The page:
Originally posted on Flipboard here.

Amb. Melanne Verveer has spent more than 20 years fighting for women’s equality, in the White House during the Bill Clintonadministration, as the CEO of an international NGO, as the first U.S. Ambassador for Global Women’s Issues under President Barack Obamaand now as the Executive Director of Georgetown University’s Institute for Women, Peace and Security. The Institute’s Flipboard Magazine, “Women, Peace and Security,” examines the state of women around the world and the most pressing issues they face. We spoke to Amb. Verveer about the biggest barriers for women, what inspires her and her use of Flipboard.


Women’s equality and empowerment have been such big focuses for you during your career. What started you on that path? 
In terms of women’s equality in particular, I think that reached its full blossoming when I started to work with Hillary Clinton when she was first lady. One of the seminal moments was 20 years ago when I was in Beijing with her for the fourth U.N. World Conference on Women—seeing the reaction to what her keynote represented and the fact that she brought her voice to the struggles of so many who were working on these human rights issues, often at great risk to their lives. I think I certainly realized, and I’m sure she felt the same way, that this is a really important space for her as First Lady of the United States, to be able to have the kind of efficacious impact that would help people who are working so hard on these issues. I think it meant a great deal and opened one’s eyes to just how much needs to be done. So that was a pivotal period for me, and I’ve been working on these issue ever since—going past two decades.

The conversation around women’s issues has particularly expanded over the last couple of years. Why do you think that is?
First, I think there’s been a real concerted effort on how these issues have been communicated. They are women’s issues, there’s no doubt about it. They’re fundamentally about women’s rights and that will always be the case. But I think we’ve also learned that if we’re going to influence decision-makers who remain mostly male, that we’ve got to make our case in terminology and with data that they can understand…If you’re in the private sector, women’s purchasing power becomes something to reckon with. Women dominate 70-75 percent of that purchasing power around the world. We know that women spend their money differently, that when they have an income it has a multiplier effect because they invest in their families, they plow it into the community, they spend it on education and health and nutrition and the kind of things that raise the standard of living for themselves and more broadly.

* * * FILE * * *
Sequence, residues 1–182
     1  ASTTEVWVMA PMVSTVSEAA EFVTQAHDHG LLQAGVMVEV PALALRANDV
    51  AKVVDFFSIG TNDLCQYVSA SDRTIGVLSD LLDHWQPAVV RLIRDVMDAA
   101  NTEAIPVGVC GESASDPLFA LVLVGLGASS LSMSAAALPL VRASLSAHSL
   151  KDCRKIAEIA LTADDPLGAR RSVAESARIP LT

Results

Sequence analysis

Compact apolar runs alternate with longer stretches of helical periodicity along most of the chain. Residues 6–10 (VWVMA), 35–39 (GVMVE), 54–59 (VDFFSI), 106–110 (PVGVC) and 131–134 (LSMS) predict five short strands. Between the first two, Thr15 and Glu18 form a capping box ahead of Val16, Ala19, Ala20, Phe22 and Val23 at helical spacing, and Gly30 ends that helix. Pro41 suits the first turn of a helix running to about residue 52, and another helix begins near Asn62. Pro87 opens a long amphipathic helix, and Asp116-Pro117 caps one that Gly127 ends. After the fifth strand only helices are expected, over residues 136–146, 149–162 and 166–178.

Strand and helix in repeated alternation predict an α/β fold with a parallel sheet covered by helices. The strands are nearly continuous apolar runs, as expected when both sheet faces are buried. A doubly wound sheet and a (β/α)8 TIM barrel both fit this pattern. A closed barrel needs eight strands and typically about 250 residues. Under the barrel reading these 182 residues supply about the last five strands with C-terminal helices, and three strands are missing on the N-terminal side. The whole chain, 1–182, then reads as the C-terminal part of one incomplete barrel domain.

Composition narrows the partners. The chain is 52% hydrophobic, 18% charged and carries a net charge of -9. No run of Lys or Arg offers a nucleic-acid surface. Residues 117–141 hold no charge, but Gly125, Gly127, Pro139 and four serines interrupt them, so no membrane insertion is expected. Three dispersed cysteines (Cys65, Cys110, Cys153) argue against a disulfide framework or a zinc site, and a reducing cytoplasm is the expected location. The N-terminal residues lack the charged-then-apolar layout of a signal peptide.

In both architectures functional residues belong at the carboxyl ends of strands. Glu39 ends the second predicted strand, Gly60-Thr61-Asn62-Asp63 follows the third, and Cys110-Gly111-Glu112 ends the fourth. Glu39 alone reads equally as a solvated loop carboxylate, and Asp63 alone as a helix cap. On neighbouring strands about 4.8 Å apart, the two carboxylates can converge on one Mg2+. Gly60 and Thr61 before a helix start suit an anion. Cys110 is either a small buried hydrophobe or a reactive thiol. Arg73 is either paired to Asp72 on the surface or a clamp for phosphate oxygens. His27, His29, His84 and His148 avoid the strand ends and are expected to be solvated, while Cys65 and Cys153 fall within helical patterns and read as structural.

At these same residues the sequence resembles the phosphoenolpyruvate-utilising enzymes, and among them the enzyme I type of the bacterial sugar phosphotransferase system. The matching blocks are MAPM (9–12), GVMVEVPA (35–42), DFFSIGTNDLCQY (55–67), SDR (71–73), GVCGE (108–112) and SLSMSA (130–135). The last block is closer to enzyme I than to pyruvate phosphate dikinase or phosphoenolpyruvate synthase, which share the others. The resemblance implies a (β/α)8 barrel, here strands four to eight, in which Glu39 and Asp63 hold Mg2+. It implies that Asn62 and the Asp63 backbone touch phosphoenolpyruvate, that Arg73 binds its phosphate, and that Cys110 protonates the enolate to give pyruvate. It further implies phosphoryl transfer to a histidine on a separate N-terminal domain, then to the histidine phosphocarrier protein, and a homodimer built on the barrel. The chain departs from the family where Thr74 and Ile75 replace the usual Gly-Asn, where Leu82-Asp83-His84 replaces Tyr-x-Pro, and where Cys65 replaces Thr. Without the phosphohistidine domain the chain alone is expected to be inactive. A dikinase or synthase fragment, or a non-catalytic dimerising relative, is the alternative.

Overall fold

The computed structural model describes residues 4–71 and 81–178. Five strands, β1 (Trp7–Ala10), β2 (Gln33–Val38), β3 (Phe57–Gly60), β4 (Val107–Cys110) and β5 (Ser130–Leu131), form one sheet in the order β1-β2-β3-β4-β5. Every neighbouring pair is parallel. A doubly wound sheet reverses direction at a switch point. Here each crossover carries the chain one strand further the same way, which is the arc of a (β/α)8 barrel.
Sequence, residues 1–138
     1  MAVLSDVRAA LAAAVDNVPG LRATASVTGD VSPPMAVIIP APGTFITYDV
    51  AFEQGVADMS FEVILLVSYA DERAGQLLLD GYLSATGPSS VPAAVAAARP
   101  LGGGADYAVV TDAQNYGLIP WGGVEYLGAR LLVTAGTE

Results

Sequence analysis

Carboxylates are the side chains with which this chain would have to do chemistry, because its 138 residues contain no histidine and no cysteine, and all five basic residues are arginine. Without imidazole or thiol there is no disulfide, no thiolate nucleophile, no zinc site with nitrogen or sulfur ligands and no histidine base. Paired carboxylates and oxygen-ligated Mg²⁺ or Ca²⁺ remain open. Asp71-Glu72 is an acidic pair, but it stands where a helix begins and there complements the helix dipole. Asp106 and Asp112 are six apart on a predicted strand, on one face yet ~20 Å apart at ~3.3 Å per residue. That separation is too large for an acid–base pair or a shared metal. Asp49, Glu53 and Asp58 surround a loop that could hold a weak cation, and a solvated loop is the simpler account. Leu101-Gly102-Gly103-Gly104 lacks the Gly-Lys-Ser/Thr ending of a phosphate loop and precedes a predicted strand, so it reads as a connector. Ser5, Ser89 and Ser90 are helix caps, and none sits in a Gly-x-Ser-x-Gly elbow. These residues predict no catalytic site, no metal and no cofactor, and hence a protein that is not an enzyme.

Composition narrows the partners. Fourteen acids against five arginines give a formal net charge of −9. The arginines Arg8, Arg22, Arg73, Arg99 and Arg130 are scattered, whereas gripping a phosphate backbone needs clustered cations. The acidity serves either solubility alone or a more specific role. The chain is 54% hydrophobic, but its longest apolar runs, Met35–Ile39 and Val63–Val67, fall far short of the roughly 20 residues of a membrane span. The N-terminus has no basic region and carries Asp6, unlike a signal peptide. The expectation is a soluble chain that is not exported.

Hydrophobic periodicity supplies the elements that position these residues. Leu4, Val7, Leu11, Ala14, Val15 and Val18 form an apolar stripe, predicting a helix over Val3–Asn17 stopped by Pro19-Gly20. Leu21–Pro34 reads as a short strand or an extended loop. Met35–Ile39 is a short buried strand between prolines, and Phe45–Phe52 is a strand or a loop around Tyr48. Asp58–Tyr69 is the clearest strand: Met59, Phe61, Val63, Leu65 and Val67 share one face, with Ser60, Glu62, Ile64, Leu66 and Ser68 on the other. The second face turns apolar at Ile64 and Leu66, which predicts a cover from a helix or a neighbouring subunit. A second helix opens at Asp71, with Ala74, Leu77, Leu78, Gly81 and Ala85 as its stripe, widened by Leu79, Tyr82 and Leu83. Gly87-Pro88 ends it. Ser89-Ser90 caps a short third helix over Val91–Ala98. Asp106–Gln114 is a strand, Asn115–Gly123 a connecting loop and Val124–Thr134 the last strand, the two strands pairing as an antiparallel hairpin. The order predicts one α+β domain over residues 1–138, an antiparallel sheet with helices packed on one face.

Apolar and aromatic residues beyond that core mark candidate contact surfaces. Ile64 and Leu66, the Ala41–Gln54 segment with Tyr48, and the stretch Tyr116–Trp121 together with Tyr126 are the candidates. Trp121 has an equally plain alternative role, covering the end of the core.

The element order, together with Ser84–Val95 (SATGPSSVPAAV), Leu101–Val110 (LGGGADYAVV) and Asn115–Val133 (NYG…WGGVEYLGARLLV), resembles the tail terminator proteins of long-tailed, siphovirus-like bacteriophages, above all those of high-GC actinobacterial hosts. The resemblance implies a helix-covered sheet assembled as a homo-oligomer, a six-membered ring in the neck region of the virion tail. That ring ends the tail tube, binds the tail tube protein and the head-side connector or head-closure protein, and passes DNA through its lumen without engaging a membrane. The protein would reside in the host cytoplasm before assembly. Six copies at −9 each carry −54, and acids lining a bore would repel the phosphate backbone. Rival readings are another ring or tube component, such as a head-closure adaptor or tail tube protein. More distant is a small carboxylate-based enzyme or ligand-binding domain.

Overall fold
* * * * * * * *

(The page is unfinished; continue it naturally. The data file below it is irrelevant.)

Secondly, the paradigm is shifting to a recognition that women aren’t just victims. Yes, they are victimized the world over, still in horrific ways. But women are more than that. They are change makers. As one woman said to me one night in Afghanistan: “Stop looking at us as victims and look at us as the leaders that we are.” Women have agency, they have a voice, they have capacity, and at our peril do we not tap this capacity. We know that among the best development investments that can be made to educate a girl, to invest in women’s empowerment—these have the highest-yield results outcomes in terms of what we want to see in human development.

I read that you said self-esteem remains one of the barriers to women. How can that be combatted? 
I have seen this literally over 20 years. One of my earliest experiences in the White House was the work that the United States did to hasten the peace process in Northern Ireland during these decades of trouble that were going on between the Catholics and the Protestants. I arrived with the first lady, Hillary Clinton at the time, and we had people on the ground who were working the process. The first thing one of them said to me is the women have no confidence. They’d been told over so long that they don’t belong that that becomes the first hurdle. Frankly, it was an unanticipated hurdle. We thought we’d go right into some of the critical issues, how they’re going to be economically engaged etc. Dealing with their self-esteem and their confidence level was clearly something that really needed to be addressed—how to work through that and have them understand their value and their agency.